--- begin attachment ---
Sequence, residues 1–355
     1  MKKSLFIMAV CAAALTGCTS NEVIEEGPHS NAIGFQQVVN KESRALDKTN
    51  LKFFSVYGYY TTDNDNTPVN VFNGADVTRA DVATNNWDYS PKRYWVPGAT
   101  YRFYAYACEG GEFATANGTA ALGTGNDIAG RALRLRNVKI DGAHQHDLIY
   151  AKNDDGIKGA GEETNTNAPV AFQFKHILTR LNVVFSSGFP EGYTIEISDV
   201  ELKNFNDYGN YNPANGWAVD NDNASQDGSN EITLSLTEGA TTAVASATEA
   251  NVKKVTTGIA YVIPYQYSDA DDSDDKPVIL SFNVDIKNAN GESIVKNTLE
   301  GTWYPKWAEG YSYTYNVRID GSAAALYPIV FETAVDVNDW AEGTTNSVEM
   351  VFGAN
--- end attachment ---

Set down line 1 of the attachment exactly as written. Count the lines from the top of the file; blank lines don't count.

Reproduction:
Sequence, residues 1–355